The first release from Dover Records [a Chrysalis sub-label] was a tie-in with Channel 4’s music programme The Chart Show. When it started in 1986, the show was unique in that it had no presenters. Instead computer-generated displays took their place. Various information snippets popped-up on screen and in 1987 were replaced with the more familiar display which featured an Amiga-generated mouse-pointer. This was deemed to be a cutting-edge interface and Friday nights during July of that year were particularly memorable as the show was stretched to a hour for five successive weeks.
Dance Hits ’87 reads like a volume of Now Dance – if one had been released that year. The double LP and cassette contain 20 tracks with the CD having 11. Six of these appeared in 7″ form on The Greatest Hits Of 1987 – Fatback Band, Jonathan Butler, Jody Watley, Vesta Williams, M/A/R/R/S and Housemaster Boyz. The Fatback Band’s classic club tune I Found Lovin’ is out first. What a jam! The inlay tells us that Jellybean has been “musically and romantically linked with Madonna”. Between September 1987 and March 1988 he had four top 13 hits; The Real Thing with Steven Dante is gloriously funky in extended form.
Jonathan Butler’s Lies is a slick R&B joint while Robbie Nevil’s 12″ of C’est La Vie can be filed in the Celestial Urban section. The eponymous debut from Living In A Box is somewhat deconstructed in its dance mix form and comes across as less powerful than the 7″ variant. Great instrumental section though with a slowed-down synth breakdown. “Hasta La Vista Baby”: Jody Watley’s emancipation continues with the rare club mix of Looking For A New Love. Sly Dunbar (drums) and Robbie Shakespeare (bass). #12 in May 1987. Boops is a sugar daddy. A weird and wonderful slice of enigmatic funk with a cool string sample. Killer rhythms.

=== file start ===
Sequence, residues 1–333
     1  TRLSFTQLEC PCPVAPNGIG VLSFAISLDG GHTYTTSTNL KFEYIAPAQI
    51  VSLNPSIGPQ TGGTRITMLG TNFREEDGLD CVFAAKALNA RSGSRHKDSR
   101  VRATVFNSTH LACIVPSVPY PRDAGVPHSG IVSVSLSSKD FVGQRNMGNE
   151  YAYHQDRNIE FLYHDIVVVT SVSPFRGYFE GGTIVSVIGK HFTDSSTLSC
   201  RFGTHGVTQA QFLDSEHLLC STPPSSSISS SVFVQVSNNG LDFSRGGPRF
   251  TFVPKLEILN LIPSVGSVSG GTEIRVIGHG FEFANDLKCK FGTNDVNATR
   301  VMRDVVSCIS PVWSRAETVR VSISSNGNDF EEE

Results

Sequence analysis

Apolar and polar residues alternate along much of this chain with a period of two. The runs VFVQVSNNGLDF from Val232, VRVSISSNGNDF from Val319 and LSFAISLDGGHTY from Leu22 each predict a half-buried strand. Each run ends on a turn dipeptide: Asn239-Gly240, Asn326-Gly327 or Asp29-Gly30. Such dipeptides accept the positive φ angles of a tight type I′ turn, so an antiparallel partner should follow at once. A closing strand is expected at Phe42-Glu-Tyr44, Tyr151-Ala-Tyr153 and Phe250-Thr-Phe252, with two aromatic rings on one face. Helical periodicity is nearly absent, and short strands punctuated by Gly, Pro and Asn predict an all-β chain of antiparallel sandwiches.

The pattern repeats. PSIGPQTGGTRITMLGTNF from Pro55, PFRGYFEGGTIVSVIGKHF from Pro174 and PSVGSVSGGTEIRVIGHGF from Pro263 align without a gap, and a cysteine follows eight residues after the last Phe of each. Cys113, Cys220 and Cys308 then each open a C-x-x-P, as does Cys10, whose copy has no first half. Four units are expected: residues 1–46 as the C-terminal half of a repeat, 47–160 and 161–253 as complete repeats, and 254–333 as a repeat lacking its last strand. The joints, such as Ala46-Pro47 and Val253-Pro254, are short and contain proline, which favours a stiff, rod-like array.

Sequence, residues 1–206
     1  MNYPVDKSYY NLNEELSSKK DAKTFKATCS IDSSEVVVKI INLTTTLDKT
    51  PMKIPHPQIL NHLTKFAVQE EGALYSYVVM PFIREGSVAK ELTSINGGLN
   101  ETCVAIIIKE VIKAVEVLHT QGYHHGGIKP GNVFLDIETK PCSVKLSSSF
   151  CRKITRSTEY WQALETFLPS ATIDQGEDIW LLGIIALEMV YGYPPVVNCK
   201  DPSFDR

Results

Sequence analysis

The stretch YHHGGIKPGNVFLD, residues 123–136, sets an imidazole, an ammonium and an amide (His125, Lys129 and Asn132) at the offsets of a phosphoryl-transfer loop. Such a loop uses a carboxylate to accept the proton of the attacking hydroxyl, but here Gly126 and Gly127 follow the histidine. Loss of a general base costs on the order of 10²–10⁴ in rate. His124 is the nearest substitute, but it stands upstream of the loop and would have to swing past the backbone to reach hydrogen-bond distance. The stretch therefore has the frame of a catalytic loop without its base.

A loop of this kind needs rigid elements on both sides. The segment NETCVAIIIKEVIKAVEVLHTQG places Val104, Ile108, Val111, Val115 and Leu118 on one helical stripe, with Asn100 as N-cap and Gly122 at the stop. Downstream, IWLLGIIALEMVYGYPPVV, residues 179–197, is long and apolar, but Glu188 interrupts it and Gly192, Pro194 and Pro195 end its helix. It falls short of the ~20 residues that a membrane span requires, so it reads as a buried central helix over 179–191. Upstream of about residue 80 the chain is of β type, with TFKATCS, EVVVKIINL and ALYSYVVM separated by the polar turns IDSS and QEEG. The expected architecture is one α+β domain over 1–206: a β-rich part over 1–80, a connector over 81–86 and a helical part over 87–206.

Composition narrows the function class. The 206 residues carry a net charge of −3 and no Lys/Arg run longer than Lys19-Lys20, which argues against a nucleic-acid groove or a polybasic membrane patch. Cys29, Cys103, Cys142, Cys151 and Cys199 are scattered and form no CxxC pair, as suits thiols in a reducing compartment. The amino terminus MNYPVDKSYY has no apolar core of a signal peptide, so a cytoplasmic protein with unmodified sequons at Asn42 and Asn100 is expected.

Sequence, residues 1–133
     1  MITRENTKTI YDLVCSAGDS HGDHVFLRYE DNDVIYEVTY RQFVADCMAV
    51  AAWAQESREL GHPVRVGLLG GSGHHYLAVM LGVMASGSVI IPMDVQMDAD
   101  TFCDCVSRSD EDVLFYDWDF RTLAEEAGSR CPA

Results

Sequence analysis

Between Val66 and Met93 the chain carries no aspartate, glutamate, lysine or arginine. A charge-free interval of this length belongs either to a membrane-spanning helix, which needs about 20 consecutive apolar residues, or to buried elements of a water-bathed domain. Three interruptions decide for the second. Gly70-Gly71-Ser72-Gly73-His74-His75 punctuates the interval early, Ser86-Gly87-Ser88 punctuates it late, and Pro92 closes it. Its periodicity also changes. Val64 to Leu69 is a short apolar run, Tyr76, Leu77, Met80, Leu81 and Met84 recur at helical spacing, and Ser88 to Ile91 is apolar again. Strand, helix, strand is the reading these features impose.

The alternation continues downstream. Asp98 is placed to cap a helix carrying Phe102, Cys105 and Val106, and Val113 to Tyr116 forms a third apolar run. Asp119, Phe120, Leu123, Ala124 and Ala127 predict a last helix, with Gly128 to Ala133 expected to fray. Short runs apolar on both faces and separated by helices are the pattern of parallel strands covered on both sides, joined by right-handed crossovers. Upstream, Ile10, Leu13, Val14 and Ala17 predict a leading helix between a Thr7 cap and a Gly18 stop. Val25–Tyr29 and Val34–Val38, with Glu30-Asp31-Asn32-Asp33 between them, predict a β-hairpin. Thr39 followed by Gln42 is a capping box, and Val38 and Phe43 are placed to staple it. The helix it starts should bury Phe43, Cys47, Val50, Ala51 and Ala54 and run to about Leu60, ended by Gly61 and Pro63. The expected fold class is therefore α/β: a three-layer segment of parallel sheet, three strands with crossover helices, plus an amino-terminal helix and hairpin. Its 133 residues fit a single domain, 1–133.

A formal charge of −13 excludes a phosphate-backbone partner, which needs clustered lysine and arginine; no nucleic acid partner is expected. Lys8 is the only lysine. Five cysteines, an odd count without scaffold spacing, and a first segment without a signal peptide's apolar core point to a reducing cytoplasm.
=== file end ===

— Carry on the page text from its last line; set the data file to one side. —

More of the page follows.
Vesta Williams’ Once Bitten Twice Shy is a salutory tale that crossed over from the clubs to the charts in February 1987. A diva with a hypnotic voice. Pump The Volume topped the national, indie and dance charts. M/A/R/R/S never made another record; their place in history assured. After gorging on the various mixes of the track I then went backwards and bought the self-titled Colourbox album. The extended remix of House Nation saw it shoot into the top 10. More bassline can only be a good thing. Finally it’s the turn of Mel and Kim’s rather under-appreciated F.L.M. which is simply divine in 12″ form. Its lengthy intro just makes your feet just glide across the floor.
“You can’t get the answers if you don’t take chances”.
Fatback Band – I Found Lovin’ (Remix)
Sly and Robbie – Boops (Here To Go)
Lest we forget
Mel and Kim – F.L.M. (Extended Mix)
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Ah, the autumn of 1987. An 8-year-old listening to tiles fly off the roof during The Great Storm. Destroyed fence and an even more destroyed greenhouse. We never did find the dustbin. Michael Fish. Back when TV was still good. It’s also one my earliest memories of associating music with events, in this case the aforementioned Great Storm. Fatback Band, Communards, Terence Trent D’Arby, Fleetwood Mac, Alexander O’Neal…
Hi Matt – you have a few years on me. Rough storms in ’86 too. Funny how music sticks – always remember Big Snow January ’82 as encapsulated on K-Tel’s Action Trax.